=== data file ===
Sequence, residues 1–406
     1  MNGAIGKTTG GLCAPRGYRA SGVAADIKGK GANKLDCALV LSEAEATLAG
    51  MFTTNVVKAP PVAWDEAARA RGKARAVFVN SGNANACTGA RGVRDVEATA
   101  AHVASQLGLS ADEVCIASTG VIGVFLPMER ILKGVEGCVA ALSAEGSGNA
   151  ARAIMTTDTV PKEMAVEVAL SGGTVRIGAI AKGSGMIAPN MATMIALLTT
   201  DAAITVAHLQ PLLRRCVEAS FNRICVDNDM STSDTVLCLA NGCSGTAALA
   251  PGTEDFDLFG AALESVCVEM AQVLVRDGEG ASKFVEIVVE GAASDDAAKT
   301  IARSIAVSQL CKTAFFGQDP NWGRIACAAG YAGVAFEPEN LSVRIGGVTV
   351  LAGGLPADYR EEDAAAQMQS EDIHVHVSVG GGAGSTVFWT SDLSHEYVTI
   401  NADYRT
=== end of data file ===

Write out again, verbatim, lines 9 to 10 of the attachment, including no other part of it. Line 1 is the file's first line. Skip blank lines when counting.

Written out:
   351  LAGGLPADYR EEDAAAQMQS EDIHVHVSVG GGAGSTVFWT SDLSHEYVTI
   401  NADYRT